This imagined situation can help explain the differing behaviors exhibited by those elephants who, walking along the Dzanga-Sangha trail one summer day, discovered a fellow elephant in trouble. Most of them did the sensible thing, which was to respond cautiously and move away. Some of them did the less sensible thing, which was to ignore or suppress their fear and respond with compassion.

The idea that elephants can experience compassion will not surprise most elephant experts, nor will it shock many experts in animal cognition and behavior, though they might substitute the term empathy. They would also recognize that empathy could underlie the behavior known as pure altruism, or kindness.

The idea is reasonable, but it doesn’t explain how evolution could have produced either the behavior or the emotion behind it. Let me give an example that illustrates this logical problem. In considering behavior from an evolutionary perspective, we think in terms of reproductive success—the movement of genes from one generation to another. But this perspective seems to make altruism a loser’s strategy. Yes, it’s admirable, inspiring. We honor the woman who sacrificed her life so that another human being, a perfect stranger, might live. But the woman who sacrificed her life has also sacrificed her genetic future. Any genes she possessed that are associated with such behavior have not moved as fully as they might into the next generation. Over time, wouldn’t the infinitely patient winnowing of evolution simply cast away all genes associated with self-sacrifice? And why should such genes be there in the first place? How does the competition of evolution even begin to explain a heroic act done for a nonrelative?

One possible answer to this conundrum is to imagine the woman’s self-sacrificial altruism as an extraordinary consequence of a set of genes that is ordinarily useful. It could be that for every person who has died a hero, another dozen equally altruistic individuals have survived and found their social and economic status usefully elevated as a result of their heroism. In addition, the very genes associated with high-risk behavior and high levels of compassion might make a person engaging and dramatic, and hence reproductively successful.

A more intriguing answer has recently been proposed by Frans de Waal, the distinguished primatologist who wrote about Kuni and the starling, and Stephanie Preston, a cognitive neuroscientist at the University of Michigan. The Preston and de Waal model avoids treating altruism (or “helping behavior”) and empathy as isolated phenomena. Instead, their model would combine helping behavior with empathy, perceptual and emotional contagion (as when a yawn spreads through the entire classroom, or when the crying of a day-old infant sets off a symphony of crying and distress in the entire nursery), and a few similar phenomena into a unified whole. Each element of this whole is, or could be, the product of a single empathetic neural system. The discovery in recent years of specialized brain cells known as mirror neurons—cells that seem to automate an individual’s perceptual and emotional response to many kinds of social stimuli—only strengthens the case for a dedicated empathetic system across animal species.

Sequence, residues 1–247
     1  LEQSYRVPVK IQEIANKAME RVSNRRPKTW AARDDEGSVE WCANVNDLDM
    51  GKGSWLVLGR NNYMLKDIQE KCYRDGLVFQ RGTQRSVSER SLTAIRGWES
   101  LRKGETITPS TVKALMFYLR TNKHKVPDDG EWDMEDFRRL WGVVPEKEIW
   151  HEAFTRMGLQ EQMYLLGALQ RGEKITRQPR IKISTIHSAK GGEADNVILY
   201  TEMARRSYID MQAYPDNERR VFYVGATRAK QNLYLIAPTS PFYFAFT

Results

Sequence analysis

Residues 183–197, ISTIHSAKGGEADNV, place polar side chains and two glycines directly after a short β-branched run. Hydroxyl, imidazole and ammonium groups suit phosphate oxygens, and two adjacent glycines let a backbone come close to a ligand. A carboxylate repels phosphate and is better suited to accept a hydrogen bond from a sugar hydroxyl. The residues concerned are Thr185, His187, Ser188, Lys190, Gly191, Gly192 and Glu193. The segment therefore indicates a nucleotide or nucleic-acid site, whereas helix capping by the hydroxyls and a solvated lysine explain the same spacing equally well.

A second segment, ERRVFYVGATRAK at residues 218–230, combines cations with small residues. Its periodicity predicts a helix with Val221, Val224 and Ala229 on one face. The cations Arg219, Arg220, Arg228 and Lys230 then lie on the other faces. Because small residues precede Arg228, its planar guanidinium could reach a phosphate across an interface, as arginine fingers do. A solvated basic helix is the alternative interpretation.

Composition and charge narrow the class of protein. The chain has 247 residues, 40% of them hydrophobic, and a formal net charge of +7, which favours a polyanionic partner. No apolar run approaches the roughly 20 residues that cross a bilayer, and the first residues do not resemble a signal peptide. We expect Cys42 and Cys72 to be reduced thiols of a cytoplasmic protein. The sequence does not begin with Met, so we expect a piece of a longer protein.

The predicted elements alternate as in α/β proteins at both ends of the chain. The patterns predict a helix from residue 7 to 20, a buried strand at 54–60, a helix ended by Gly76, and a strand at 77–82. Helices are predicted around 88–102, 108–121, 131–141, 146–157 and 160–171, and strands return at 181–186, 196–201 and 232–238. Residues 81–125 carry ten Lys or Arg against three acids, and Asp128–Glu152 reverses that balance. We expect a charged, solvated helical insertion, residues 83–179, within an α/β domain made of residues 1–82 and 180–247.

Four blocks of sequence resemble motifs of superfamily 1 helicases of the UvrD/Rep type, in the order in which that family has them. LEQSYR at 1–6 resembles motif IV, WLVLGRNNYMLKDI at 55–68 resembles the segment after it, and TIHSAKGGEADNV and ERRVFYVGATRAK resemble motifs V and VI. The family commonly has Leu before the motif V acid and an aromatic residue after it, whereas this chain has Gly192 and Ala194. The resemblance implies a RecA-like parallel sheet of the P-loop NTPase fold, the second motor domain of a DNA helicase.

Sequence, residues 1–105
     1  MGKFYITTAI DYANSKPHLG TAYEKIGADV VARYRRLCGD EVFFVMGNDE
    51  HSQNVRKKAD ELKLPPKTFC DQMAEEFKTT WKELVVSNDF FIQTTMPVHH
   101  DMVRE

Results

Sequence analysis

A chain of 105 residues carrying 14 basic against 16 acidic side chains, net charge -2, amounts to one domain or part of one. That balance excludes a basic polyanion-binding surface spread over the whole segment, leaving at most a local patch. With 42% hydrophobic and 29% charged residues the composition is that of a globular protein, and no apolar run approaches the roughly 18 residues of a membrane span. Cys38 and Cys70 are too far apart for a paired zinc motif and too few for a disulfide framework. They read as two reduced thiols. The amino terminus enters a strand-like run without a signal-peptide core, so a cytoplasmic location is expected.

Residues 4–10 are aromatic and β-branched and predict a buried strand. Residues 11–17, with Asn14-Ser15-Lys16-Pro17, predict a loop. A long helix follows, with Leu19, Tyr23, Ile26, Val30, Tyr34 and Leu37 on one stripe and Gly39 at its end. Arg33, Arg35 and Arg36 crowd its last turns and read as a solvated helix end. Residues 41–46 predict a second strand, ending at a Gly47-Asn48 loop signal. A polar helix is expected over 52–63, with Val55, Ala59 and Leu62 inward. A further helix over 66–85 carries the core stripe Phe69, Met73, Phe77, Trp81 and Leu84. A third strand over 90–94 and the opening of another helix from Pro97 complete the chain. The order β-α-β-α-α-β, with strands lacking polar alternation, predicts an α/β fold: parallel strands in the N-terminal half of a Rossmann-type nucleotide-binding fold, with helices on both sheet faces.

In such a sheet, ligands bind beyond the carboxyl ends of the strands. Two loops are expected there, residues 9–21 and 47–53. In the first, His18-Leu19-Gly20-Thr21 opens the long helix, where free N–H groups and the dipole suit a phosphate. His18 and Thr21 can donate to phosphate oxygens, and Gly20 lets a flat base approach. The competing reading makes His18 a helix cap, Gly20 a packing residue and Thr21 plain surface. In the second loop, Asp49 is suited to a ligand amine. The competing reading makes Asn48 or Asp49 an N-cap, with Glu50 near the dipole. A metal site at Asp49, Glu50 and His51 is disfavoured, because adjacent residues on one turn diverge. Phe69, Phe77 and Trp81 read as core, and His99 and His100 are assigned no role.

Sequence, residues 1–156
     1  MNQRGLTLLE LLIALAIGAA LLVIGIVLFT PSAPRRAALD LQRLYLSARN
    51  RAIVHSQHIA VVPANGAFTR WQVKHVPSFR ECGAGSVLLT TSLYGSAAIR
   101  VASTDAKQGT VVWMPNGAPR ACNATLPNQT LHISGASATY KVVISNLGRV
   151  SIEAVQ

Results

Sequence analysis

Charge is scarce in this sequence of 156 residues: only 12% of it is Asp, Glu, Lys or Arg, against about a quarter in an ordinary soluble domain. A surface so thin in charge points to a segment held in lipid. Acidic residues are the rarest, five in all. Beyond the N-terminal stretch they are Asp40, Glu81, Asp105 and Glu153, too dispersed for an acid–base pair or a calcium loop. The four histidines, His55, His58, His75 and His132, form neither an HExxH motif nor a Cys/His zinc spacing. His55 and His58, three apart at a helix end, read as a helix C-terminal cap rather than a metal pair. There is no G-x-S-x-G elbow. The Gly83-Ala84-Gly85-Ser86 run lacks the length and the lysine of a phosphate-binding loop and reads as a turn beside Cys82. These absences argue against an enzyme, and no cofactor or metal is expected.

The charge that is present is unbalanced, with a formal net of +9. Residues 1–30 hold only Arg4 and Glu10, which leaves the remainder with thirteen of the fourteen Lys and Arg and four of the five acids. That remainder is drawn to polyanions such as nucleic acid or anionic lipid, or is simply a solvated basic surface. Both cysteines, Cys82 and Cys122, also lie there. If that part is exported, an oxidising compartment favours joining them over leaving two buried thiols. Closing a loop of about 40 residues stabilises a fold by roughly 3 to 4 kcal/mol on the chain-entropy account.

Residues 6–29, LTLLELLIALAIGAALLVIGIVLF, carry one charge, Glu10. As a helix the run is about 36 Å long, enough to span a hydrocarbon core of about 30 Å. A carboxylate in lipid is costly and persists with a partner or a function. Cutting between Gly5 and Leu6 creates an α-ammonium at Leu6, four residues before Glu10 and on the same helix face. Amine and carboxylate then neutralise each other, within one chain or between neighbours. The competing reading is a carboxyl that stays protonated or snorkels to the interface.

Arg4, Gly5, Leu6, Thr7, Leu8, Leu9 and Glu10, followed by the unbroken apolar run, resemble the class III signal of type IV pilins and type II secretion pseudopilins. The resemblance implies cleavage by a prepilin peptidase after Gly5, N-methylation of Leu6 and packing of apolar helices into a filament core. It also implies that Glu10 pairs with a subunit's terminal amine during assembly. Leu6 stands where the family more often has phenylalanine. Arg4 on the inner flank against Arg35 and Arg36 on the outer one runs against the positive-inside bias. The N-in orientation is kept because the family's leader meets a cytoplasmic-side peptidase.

Looking at the problem this way changes the nature of the question. One no longer asks, How did empathy or altruism evolve? One asks, How did the neural system that supports empathy, altruism, perceptual contagion, and similar phenomena evolve?

Once we see empathy and altruism as part of a larger whole, we are also prepared to recognize the benefits provided by the full system. For example, the system may make mothers instantly and automatically—contagiously—responsive to the needs and actions of their infants. It may allow many members of a social group to benefit from the alert senses of a single individual, through contagious processes transforming a group of ten individual animals, each with only two eyes, into a coherent living entity with twenty eyes. It would help coordinate group actions quickly and automatically, thereby improving any individual’s chances of survival from predators and increasing an individual’s harvest of prey.

As a daily event in the lives of humans, meanwhile, empathy emerges as a continuous series of small and unexpected acts of kindness done without expectation of recompense. In this way, empathy serves its most important social function, as an expressive, positive, cohesive force that connects one person to another.

This article is based largely on material in the author’s forthcoming book, The Moral Lives of Animals (Bloomsbury Press, March 2011).

DALE PETERSON teaches freshman English at Tufts. He is the author of sixteen books, translated into nine languages, many distinguished as Best Book of the Year by the Boston Globe, Denver Post, Discover, The Economist, and other publications. Two volumes, Visions of Caliban: On Chimpanzees and People, coauthored with Jane Goodall, and Jane Goodall: The Woman Who Redefined Man, were listed as Notable Books of the Year by the New York Times.